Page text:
However, after the end of the war in 2002, Sierra Leone began making substantial social progress. As one report states, “The country has made tremendous strides since the cessation of conflict to establish good governance and consolidate peace and security, and is often cited as a success story in peacebuilding.”

Much of this has to do with the formation and implementation of the Truth and Reconciliation Commission (TRC) as well as the Special Court for Sierra Leone (SCSL). These commissions have helped reconcile the violent realities of the civil war while rebuilding social trust through war crime accountability.

In addition, economic growth also followed the end of the civil war. In 2002, the country’s GDP was $1.239 billion, and by 2014 it had risen to $5.05 billion. Sierra Leone’s poverty rate fell alongside the growing economy from 66.4 percent of the population in 2003 to 52.9 percent in 2011.

Come 2014, the country took another grueling blow as Ebola swept across the nation, infecting 14,122 people and bringing the country to a virtual standstill. Travel bans were implemented, workers began staying home in fear of the virus and the economy began to suffer. The GDP fell from its previous high of $5.05 billion in 2014 to $3.669 billion in 2016.

Because of the devastating effect of Ebola, as another World Bank study reports, “many households lack capital to reopen their business and non-farm household enterprises—nearly 1/3 of the country’s workforce—report lower revenues than before the Ebola crisis.” Over 66 percent of families across the country reported being food insecure, and total working hours have still not returned to pre-Ebola rates.

Although the nation has continually battled high poverty rates, political corruption and foreign interventions, Sierra Leone’s potential is astronomical. The civil war has ended, Ebola has been eradicated and the country sits on vast deposits of mineral resources including diamonds, gold and iron ore.

Despite the adversity that Sierra Leone has faced, there is hope that the country will continue to stand determined in the face of controversy and hardship, taking one step at a time as it tries to overcome the scars of its past.

Joseph Dover

Photo: Flickr

Rebuilding Education in Sierra Leone
Before the Revolutionary United Front crossed from Liberia into Sierra Leone and started the 12-year war, Sierra Leone had one of the best education systems in Africa. Rebuilding education in Sierra Leone since has been a challenge and Ebola has made it even more difficult.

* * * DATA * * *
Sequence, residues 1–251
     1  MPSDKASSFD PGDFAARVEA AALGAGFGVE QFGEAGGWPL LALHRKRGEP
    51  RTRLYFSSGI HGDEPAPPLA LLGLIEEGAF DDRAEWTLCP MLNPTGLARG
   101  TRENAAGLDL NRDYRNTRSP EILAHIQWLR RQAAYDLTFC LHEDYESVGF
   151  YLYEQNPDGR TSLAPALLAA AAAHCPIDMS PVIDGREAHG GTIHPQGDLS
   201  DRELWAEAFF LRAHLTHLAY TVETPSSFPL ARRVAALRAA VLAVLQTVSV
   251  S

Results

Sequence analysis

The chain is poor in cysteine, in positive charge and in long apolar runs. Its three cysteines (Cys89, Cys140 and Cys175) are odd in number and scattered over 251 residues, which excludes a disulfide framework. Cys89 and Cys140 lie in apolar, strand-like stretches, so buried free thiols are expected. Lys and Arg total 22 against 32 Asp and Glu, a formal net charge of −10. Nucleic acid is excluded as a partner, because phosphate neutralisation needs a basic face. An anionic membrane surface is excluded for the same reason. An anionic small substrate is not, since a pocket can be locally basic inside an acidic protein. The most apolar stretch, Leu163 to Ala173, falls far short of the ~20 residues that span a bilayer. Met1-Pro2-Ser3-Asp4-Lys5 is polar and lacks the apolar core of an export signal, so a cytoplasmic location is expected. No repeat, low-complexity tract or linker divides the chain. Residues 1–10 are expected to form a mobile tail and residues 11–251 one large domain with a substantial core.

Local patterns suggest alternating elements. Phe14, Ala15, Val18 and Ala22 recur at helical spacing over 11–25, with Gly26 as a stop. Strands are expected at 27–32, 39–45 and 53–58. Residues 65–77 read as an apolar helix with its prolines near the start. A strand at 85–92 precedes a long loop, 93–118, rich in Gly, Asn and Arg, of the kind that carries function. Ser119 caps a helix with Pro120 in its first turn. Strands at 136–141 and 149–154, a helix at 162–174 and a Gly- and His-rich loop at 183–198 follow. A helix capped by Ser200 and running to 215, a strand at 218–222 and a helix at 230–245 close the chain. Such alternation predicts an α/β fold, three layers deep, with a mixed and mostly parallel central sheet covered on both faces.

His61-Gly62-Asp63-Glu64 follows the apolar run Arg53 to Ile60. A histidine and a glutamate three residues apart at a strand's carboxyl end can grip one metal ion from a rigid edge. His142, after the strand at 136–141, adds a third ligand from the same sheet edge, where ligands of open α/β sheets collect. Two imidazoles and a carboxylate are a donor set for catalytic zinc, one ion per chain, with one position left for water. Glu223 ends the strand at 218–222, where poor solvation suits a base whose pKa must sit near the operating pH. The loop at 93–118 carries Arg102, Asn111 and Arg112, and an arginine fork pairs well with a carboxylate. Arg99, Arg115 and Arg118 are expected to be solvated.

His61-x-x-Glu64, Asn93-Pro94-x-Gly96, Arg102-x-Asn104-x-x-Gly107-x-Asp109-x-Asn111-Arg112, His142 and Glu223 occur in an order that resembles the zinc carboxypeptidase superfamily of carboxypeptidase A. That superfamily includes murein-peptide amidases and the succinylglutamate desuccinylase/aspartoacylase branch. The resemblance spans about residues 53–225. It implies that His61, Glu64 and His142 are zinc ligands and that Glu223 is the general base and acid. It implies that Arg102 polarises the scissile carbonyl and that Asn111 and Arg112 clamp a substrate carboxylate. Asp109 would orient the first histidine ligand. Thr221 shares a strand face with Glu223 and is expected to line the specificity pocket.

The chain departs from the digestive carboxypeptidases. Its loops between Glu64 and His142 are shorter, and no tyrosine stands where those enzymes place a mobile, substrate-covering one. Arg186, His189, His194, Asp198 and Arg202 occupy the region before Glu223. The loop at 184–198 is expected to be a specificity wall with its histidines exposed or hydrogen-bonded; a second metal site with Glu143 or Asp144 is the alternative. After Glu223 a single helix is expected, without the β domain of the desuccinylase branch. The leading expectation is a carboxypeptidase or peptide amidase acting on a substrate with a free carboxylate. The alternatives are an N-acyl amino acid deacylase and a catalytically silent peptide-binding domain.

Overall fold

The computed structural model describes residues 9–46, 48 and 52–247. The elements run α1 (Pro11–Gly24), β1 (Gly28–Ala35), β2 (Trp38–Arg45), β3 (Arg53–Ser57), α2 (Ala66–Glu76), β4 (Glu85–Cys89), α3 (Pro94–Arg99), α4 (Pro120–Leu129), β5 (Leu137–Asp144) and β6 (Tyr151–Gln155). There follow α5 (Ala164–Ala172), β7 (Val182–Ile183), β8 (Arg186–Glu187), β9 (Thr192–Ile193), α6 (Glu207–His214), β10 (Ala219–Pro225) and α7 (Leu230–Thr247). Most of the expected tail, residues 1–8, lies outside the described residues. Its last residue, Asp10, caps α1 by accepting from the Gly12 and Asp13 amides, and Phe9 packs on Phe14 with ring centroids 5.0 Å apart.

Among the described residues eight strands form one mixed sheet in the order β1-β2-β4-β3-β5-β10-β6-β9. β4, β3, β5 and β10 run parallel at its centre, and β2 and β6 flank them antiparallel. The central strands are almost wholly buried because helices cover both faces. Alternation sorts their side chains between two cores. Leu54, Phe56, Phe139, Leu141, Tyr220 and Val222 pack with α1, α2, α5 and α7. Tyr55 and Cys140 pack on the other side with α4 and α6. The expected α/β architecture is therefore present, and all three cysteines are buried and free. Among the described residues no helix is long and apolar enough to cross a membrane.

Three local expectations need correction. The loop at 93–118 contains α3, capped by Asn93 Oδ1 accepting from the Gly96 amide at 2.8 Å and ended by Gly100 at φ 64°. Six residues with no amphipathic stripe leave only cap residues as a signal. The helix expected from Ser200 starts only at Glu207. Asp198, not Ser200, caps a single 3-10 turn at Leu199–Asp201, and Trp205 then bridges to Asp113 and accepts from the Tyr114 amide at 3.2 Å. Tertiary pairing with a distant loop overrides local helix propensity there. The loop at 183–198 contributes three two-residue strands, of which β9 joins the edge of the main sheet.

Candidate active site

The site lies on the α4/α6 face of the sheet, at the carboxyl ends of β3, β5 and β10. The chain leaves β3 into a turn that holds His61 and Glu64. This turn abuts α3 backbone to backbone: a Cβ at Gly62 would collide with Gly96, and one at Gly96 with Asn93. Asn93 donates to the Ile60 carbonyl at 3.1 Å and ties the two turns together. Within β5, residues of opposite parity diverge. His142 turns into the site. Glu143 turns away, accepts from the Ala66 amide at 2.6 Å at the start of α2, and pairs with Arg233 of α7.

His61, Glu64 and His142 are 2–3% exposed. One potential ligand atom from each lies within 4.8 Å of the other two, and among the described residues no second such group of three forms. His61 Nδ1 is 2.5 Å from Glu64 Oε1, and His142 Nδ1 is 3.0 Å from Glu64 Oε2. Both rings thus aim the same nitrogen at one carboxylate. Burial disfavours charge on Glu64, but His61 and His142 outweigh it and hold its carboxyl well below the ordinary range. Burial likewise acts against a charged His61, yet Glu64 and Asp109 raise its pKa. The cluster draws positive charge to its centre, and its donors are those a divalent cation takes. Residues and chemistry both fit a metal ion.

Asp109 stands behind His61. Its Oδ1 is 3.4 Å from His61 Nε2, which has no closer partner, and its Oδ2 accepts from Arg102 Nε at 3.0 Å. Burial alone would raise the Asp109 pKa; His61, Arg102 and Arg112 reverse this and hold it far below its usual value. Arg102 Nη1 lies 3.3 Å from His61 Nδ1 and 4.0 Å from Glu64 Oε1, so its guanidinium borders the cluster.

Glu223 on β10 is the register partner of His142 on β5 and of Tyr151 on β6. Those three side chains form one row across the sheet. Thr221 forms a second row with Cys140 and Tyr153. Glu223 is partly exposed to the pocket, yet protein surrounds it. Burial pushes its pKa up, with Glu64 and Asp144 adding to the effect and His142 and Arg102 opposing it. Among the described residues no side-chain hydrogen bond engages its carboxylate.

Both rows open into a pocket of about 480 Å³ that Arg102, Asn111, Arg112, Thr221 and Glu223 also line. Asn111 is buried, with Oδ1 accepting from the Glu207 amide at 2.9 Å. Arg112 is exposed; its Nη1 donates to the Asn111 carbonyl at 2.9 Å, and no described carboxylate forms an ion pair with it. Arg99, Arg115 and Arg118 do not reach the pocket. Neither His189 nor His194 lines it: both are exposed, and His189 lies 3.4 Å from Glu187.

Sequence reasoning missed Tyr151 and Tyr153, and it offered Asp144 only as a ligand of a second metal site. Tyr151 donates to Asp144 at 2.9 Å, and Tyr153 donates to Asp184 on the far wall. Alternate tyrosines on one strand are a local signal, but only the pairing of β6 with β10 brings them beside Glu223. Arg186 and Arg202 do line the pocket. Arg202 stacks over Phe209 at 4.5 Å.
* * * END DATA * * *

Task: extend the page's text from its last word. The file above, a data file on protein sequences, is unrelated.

Only 48.09 percent of the population above the age of 15 in Sierra Leone are literate. Primary school enrollment is over 130 percent due to the amount of non primary school aged Sierra Leoneans who are attending classes because they missed out on educational services during the war. The UN estimates that 64 percent of primary aged children are enrolled in school.

During the 12 years of the war, there was no education unless the families fled to Guinea or Liberia. Out of the crisis of the civil war came an opportunity to ensure education would grow and enhance the livelihoods of Sierra Leoneans.

The Netherlands provided funding to the Cross Border Schools Project in Sierra Leone and has trained over 3,000 educators. After completing the training programs, teachers plan their own lessons and find their teaching methods are making a bigger impact.

Education in Sierra Leone is taken seriously by the government. Sierra Leone spends 14 percent of its national budget on education, which is much higher than most other countries in the region.

Other improvements have been made as well. 76 percent of Sierra Leonean children complete primary school and many go on to junior secondary education. However, 50 percent of primary school teachers still have no qualifications.

It cost $20 to send a Sierra Leonean to school and 70 percent of Sierra Leone families are living on less than a dollar a day. Poverty, child marriage, pregnancy and sexual abuse are the most significant barriers to education for girls in Sierra Leone.

UNICEF works on ensuring girls are attending school through building classrooms, providing sanitation facilities, training teachers and providing learning materials. The rights of girls in the classroom are protected through rights-based and gender-sensitive environments that helps girls succeed in the classroom.

Sierra Leone is still healing from the wounds left by the Revolutionary United Front during the civil war, but education is gradually improving and the youth are benefiting from the revival of education.

Donald Gering

Sources: Al Jazeera, Global Partnership, Social Progress Imperative, UNICEF 1, UNICEF 2, UNICEF 3
Photo: Just Giving